The Hampton Roads Teams Serves Agua Blanquita


Monday, February 14th, 2022


Today we traveled to Agua Blanquita for our first day of clinic. The drive was beautiful, and after setting up we got to work seeing patients. I got the chance to learn the health needs of many families from the area, but I was particularly struck by the limited health resources in the area. One patient came with a headache but on further questioning, it came out that she was recently diagnosed with diabetes. To get diagnosed and receive treatment, she had to travel by bus on a bumpy ride 45 minutes to the nearest health care center. I asked her when her next follow up would be with the physician managing her diabetes and she was confused - there was no “follow-up”. I asked her what her blood sugars had been recently, and she couldn’t tell me - as she didn’t own a glucometer, a device that costs 25 dollars in the US. I asked around and learned that typically, there is a community health center where patients can get their glucose checked. The nearest one to this patient? That same health center 45 minutes away by bus. I checked her blood glucose which was over twice what it would be if her diabetes was optimized in the US. It was one of many personal reminders to me that despite the problems with the healthcare system in the US, it is much more developed than here and so many other parts of the world.


One of our team members, Nurse Maggie, saw a young girl who had a lump in her earlobe. After some additional detective work, she determined the girl had the back of an earring stuck in her earlobe. They sent the patient to Dr. Camil who realized that anything that wasn’t done for the patient today, was unlikely to be done for years, if ever. She made an incision through the skin but found that the patient’s immune system had encapsulated the foreign body. Eventually, with the assistance of a handsome surgical assist, the foreign body was extracted. The patient herself was perfectly behaved in that she stayed completely still and didn’t complain about anything - no small feat for a 7-year-old. It was again an example of doing anything we could while we are here for the people of Honduras.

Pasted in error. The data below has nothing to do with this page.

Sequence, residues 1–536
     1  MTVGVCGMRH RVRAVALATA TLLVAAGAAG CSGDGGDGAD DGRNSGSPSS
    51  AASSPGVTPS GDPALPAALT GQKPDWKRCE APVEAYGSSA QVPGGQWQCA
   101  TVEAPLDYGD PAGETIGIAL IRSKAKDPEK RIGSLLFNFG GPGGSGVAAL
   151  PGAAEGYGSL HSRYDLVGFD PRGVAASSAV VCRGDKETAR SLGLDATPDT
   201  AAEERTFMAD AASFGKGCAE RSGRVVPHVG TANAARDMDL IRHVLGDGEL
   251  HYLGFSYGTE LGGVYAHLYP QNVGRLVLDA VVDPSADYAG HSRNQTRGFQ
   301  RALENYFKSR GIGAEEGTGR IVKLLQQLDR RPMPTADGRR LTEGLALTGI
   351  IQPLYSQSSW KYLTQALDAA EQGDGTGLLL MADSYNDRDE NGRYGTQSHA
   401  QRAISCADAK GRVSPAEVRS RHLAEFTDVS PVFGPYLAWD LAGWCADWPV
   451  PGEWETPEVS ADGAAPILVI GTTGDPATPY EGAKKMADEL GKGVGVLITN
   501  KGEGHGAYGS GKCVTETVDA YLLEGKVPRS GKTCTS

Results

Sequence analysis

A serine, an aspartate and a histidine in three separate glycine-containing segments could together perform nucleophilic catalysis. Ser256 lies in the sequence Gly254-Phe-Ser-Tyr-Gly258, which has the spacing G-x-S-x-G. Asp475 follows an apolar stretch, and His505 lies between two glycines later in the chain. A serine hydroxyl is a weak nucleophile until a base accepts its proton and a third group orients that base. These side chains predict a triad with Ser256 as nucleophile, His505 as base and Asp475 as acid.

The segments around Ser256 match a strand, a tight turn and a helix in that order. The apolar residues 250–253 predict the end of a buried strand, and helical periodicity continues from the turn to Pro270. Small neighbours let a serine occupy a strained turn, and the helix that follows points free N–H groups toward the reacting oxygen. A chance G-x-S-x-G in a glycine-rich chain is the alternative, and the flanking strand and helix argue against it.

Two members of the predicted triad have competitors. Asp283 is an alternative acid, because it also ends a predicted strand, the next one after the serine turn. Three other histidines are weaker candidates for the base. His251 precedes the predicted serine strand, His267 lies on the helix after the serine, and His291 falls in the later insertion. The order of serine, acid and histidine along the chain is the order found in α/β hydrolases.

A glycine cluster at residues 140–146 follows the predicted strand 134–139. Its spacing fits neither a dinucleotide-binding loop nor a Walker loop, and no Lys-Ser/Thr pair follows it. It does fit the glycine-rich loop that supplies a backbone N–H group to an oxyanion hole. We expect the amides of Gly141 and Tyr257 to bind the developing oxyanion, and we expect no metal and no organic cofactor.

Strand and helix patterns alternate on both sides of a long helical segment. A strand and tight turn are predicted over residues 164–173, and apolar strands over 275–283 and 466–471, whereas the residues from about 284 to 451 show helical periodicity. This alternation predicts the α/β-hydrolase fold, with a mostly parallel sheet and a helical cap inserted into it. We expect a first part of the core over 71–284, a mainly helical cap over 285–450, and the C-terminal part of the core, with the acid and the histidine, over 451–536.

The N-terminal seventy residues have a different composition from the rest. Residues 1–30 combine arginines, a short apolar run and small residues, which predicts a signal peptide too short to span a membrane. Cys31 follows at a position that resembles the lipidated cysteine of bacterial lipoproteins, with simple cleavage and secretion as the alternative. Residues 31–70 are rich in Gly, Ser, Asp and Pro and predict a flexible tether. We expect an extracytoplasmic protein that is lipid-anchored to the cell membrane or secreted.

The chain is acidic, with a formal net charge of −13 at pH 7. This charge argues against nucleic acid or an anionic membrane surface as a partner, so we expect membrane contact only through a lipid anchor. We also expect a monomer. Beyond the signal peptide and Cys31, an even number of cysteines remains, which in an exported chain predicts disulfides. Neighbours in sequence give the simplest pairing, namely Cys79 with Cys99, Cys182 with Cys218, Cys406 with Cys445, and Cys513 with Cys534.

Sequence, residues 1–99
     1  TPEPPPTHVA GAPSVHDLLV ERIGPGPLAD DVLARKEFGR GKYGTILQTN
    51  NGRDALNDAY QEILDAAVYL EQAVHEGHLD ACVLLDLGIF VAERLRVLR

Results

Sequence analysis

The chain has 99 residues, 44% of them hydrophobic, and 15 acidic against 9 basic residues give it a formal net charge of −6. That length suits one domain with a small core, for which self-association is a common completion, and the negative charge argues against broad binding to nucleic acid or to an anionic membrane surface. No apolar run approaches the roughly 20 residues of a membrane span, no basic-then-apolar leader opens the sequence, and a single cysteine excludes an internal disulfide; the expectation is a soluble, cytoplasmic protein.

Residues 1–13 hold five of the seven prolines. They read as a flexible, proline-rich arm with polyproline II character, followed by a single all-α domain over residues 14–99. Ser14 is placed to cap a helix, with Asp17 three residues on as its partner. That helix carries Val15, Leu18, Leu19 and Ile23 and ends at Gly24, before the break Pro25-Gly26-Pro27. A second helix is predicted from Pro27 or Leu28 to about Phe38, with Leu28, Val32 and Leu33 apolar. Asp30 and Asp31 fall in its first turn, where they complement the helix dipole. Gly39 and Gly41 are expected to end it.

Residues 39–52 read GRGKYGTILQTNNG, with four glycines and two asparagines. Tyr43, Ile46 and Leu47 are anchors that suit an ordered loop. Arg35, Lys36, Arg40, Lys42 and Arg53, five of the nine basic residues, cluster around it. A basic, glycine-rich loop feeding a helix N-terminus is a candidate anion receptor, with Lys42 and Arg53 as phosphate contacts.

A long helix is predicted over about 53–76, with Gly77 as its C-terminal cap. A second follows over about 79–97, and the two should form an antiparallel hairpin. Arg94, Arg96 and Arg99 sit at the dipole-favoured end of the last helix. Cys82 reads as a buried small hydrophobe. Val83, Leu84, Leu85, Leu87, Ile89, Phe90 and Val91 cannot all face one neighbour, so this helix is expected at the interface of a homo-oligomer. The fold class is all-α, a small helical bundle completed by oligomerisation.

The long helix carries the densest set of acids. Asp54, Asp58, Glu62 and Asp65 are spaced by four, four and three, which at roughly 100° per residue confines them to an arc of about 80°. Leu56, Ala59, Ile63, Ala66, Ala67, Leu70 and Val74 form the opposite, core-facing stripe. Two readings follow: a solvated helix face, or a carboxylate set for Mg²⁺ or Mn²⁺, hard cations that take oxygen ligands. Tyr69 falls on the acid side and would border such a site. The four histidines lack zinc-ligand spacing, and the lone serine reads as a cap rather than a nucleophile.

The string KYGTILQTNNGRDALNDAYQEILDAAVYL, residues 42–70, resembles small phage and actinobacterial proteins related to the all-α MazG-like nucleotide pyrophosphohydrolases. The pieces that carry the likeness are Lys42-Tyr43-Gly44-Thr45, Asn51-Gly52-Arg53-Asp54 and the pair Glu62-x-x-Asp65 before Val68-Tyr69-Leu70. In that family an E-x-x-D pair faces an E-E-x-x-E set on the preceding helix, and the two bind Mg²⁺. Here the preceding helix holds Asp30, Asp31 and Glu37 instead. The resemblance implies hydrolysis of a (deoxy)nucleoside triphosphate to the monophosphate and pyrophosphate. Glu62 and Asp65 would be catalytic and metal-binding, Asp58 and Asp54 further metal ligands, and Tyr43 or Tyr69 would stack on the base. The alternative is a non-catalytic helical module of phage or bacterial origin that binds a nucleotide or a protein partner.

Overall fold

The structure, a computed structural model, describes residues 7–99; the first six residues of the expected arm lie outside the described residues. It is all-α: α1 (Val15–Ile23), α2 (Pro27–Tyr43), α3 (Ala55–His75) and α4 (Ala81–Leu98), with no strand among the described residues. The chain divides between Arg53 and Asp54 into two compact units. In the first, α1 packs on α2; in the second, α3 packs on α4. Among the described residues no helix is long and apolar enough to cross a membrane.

At our nightly debrief, Pastor Peggy shared how working with the children of Honduras is her favorite part of coming here. Although we are all wearing masks, she was pleasantly surprised how easy it was to have fun with the children of Honduras. One boy that she connected with earlier today wandered near Peggy at lunch, so she gave him an affectionate pat on the head. The boy, without looking and presumably thinking it was his mom, affectionately patted Pastor Peggy back on the belly.


Pastor Peggy also lead us in a devotional tonight about trusting in God. She started by sharing her Enneagram number and sharing that fear is something that can drive her to action unless it is fear of the unknown which is more challenging for her. Fear related to COVID and potentially getting stuck in Honduras was a real consideration for her in deciding to return to Honduras at this time. However, she was reminded that despite great unknown in life, Jesus is a great guiding ‘known’ that helped her to commit to coming. We are excited to see the fruit of that step-in faith this week.


~Dr. Chase